Test results on noodles produced by South Korea’s Nongshim Co that were reported to contain traces of benzopyrene and were recalled in South Korea last month, showed low levels of benzopyrene that were within the limits set under international standards, the Department of Health said yesterday.
The Food and Drug Administration (FDA) said shortly after South Korea recalled six Nongshim products, including two types found to contain a known carcinogen, benzopyrene, the agency immediately ordered two Nongshim-brand noodles sold in Taiwan — Neoguri seafood mild noodles and Neoguri seafood spicy noodles — to be taken off store shelves on Oct. 25.
In addition, the FDA said it had asked the New Taipei City (新北市) Government’s health department to inspect all imported Nongshim products and to send samples to the agency for laboratory testing.
Among five samples tested, the spice powders of two Neoguri seafood mild noodles samples were found to contain benzopyrene levels of 1.01 parts per billion (ppb) and 0.97ppb, the FDA said.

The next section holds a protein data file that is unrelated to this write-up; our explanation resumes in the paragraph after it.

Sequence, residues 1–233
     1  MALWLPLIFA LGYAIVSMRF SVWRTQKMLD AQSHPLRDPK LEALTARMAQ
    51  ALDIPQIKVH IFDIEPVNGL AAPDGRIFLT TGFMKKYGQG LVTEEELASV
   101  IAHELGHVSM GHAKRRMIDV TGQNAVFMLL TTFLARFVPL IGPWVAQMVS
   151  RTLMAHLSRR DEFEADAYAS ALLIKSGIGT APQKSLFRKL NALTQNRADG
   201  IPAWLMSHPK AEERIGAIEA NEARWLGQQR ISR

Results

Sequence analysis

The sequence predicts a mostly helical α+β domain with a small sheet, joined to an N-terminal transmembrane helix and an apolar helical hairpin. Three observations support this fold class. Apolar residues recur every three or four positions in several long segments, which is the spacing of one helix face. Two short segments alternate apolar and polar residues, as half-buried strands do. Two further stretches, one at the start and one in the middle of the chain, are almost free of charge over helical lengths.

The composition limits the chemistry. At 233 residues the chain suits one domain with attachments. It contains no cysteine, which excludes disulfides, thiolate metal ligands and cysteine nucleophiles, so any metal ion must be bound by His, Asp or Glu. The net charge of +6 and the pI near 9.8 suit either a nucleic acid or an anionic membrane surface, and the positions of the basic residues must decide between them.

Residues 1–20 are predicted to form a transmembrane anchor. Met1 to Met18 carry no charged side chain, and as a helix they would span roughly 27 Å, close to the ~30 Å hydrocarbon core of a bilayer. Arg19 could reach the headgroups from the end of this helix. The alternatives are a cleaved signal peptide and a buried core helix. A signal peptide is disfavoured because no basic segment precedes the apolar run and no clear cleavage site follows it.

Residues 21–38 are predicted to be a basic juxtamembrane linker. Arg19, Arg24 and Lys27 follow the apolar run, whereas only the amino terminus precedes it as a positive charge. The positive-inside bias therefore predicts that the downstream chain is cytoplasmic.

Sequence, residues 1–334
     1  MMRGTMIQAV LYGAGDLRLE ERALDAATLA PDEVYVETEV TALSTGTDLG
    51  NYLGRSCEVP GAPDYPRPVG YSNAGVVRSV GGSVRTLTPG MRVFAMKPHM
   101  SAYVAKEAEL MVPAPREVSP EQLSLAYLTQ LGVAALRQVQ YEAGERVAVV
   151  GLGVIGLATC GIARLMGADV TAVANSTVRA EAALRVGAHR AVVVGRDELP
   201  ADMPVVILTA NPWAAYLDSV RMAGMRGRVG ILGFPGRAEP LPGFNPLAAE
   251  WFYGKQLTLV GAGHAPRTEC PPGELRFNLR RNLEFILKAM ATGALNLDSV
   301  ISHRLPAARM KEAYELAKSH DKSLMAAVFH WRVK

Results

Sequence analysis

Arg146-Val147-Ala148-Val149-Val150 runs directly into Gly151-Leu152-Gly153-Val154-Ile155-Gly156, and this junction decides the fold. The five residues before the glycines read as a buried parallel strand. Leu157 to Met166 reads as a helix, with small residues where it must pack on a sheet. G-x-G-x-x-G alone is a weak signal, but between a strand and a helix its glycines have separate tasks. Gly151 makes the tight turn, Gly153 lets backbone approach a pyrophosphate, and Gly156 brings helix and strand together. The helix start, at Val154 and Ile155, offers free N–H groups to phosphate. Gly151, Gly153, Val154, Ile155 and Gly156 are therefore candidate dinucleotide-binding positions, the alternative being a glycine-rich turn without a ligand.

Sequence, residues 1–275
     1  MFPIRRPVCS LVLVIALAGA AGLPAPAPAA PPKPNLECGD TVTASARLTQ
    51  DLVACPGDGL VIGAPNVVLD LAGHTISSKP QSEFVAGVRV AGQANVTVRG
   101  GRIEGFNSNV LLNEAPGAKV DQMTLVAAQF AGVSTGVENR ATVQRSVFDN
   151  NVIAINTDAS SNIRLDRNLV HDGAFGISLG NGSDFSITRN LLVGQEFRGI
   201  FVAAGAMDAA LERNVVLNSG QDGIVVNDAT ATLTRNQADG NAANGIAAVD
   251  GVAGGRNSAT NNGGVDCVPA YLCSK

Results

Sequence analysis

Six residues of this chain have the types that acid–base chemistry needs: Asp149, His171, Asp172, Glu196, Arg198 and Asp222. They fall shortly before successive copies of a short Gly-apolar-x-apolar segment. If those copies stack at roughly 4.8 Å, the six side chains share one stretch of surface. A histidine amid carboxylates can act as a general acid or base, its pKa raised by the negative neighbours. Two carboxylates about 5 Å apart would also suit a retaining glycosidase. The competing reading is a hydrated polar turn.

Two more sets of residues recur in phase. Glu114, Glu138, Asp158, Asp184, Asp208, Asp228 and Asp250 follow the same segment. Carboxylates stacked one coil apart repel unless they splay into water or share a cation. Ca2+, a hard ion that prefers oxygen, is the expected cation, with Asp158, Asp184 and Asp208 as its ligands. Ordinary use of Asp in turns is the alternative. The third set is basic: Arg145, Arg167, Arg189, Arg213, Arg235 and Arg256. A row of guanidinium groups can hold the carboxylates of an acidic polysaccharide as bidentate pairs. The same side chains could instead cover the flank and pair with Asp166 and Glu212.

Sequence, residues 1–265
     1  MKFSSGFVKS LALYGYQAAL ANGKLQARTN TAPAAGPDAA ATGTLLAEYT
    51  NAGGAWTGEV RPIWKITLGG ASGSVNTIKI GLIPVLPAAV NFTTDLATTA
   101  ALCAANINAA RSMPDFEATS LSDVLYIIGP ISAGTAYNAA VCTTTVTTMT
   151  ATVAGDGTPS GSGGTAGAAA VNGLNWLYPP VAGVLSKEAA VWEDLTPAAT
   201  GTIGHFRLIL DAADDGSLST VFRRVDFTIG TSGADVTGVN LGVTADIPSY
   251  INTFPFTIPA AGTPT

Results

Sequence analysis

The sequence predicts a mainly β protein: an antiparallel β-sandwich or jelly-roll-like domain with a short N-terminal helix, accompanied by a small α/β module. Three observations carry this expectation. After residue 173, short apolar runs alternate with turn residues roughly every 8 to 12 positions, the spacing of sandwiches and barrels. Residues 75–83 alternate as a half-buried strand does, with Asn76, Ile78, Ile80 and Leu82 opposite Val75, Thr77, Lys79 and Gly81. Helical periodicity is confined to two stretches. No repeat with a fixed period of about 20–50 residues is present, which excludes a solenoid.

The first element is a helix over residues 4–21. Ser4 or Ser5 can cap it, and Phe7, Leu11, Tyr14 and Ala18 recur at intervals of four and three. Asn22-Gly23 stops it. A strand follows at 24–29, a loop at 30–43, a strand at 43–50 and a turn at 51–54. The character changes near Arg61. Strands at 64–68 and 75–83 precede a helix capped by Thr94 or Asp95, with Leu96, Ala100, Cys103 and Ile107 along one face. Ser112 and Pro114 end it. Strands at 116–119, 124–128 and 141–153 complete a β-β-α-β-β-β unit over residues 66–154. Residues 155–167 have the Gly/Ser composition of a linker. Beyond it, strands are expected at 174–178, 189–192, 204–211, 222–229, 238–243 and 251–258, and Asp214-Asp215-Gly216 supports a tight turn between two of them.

The levels of benzopyrene found in the tests were below the limits stipulated by the EU and the WHO, it said, adding that with a benzopyrene concentration of 1.01ppb, a person who weighs 60kg would ingest about 0.012mcg of benzopyrene from one bag of instant noodles, lower than the estimated average daily intake of 0.24mcg (for a person of 60kg) calculated by the Joint Expert Committee on Food Additives.
Because the amount of spice powder eaten with instant noodles is small, the exposure to benzopyrene is not considered harmful to human health, the FDA added.
At the Legislative Yuan yesterday, FDA Director-General Kang Jaw-jou (康照洲) said: “We will quickly do a background survey on all food products, and set a standard for the substance after we have gained enough information and have discussed it with specialists.”